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Allogeneic hematopoietic cell transplantation in Farber disease


Ehlert, Karoline; Levade, Thierry; Di Rocco, Maja; Lanino, Edoardo; Albert, Michael H; Führer, Monika; Jarisch, Andrea; Güngör, Tayfun; Ayuk, Francis; Vormoor, Josef (2018). Allogeneic hematopoietic cell transplantation in Farber disease. Journal of Inherited Metabolic Disease:Epub ahead of print.

Abstract

BACKGROUND
Farber disease (FD) is a rare, lysosomal storage disorder caused by deficient acid ceramidase activity. FD has long been considered a fatal disorder with death in the first three decades of life resulting either from respiratory insufficiency as a consequence of airway involvement or from progressive neurodegeneration because of nervous system involvement. Peripheral symptoms associated with FD, including inflammatory joint disease, have been described to improve relatively rapidly after hematopoietic cell transplantation (HCT).

AIMS
To evaluate the disease-specific status and limitations in the long-term follow-up after HCT, investigate genotype/phenotype correlations and the benefit of allogeneic HCT in FD patients with nervous system involvement.

PATIENTS AND METHODS
Transplant- and disease-related information of ten FD patients was obtained by using a questionnaire, physicians' letters and additional telephone surveys. ASAH1 gene mutations were identified to search for genotype/phenotype correlations.

RESULTS
After mainly busulfan-based preparative regimens, all patients engrafted with one late graft loss. The inflammatory symptoms resolved completely in all patients. Abnormal neurologic findings were present pre-transplant in 4/10 patients, post-transplant in 6/10 patients. Mutational analyses revealed new mutations in the ASAH1 gene and a broad diversity of phenotypes without a genotype/phenotype correlation. With a median follow-up of 10.4 years, overall survival was 80% with two transplant-related deaths.

CONCLUSION
Allogeneic HCT leads to complete and persistent resolution of the inflammatory aspects in FD patients. It appears to have no beneficial effect on progression of nervous system involvement. New mutations in the acid ceramidase gene were identified. A genotype/phenotype correlation could not be established.

Abstract

BACKGROUND
Farber disease (FD) is a rare, lysosomal storage disorder caused by deficient acid ceramidase activity. FD has long been considered a fatal disorder with death in the first three decades of life resulting either from respiratory insufficiency as a consequence of airway involvement or from progressive neurodegeneration because of nervous system involvement. Peripheral symptoms associated with FD, including inflammatory joint disease, have been described to improve relatively rapidly after hematopoietic cell transplantation (HCT).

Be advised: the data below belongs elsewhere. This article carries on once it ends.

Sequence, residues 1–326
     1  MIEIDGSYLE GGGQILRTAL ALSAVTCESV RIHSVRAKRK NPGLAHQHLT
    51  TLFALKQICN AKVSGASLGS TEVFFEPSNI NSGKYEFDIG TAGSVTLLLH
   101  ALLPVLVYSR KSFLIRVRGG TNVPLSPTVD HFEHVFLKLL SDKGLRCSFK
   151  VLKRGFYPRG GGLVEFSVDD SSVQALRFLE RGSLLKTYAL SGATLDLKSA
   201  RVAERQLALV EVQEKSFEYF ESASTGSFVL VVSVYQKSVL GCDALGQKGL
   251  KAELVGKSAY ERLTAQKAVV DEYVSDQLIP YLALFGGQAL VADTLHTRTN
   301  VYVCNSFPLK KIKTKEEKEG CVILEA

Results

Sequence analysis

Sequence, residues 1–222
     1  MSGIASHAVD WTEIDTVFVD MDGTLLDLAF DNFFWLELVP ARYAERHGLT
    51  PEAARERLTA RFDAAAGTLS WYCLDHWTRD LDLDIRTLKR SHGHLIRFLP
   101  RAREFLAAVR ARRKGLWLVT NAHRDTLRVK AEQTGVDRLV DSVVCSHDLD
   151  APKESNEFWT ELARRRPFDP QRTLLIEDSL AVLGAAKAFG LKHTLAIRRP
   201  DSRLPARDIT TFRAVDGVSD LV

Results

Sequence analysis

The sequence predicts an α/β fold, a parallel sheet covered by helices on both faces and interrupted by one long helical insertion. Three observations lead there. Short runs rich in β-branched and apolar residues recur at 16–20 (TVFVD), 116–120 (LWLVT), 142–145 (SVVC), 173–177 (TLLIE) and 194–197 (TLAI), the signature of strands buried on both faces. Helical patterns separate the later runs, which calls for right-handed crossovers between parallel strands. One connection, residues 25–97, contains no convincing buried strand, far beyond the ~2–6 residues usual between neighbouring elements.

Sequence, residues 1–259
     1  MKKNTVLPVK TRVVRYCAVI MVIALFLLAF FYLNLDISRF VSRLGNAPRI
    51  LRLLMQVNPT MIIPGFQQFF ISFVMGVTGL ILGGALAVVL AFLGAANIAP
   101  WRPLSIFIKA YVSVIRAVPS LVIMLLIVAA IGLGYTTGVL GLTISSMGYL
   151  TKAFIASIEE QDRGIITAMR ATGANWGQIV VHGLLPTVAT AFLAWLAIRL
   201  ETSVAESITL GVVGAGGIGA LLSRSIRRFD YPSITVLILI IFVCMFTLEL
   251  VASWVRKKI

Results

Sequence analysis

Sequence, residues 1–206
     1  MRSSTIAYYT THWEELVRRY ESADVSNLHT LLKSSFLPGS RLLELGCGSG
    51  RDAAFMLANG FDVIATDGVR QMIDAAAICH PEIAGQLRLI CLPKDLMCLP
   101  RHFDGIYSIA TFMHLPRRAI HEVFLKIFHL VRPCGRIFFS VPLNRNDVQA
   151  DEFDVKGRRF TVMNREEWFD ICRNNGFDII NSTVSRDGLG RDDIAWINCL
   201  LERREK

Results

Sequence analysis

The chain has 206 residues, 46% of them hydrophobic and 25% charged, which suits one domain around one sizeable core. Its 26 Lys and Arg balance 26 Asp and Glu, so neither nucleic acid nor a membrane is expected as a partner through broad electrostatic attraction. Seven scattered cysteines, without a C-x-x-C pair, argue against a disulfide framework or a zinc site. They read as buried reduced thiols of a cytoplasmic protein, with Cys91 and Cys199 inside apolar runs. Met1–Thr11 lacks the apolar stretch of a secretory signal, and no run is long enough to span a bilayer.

AIMS
To evaluate the disease-specific status and limitations in the long-term follow-up after HCT, investigate genotype/phenotype correlations and the benefit of allogeneic HCT in FD patients with nervous system involvement.

PATIENTS AND METHODS
Transplant- and disease-related information of ten FD patients was obtained by using a questionnaire, physicians' letters and additional telephone surveys. ASAH1 gene mutations were identified to search for genotype/phenotype correlations.

RESULTS
After mainly busulfan-based preparative regimens, all patients engrafted with one late graft loss. The inflammatory symptoms resolved completely in all patients. Abnormal neurologic findings were present pre-transplant in 4/10 patients, post-transplant in 6/10 patients. Mutational analyses revealed new mutations in the ASAH1 gene and a broad diversity of phenotypes without a genotype/phenotype correlation. With a median follow-up of 10.4 years, overall survival was 80% with two transplant-related deaths.

CONCLUSION
Allogeneic HCT leads to complete and persistent resolution of the inflammatory aspects in FD patients. It appears to have no beneficial effect on progression of nervous system involvement. New mutations in the acid ceramidase gene were identified. A genotype/phenotype correlation could not be established.

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Additional indexing

Item Type:Journal Article, refereed, original work
Communities & Collections:04 Faculty of Medicine > University Children's Hospital Zurich > Medical Clinic
Dewey Decimal Classification:610 Medicine & health
Scopus Subject Areas:Life Sciences > Genetics
Health Sciences > Genetics (clinical)
Language:English
Date:29 March 2018
Deposited On:30 Jan 2019 10:22
Last Modified:29 Jul 2020 09:28
Publisher:Springer
ISSN:0141-8955
OA Status:Closed
Publisher DOI:https://doi.org/10.1007/s10545-018-0171-6
PubMed ID:29600496

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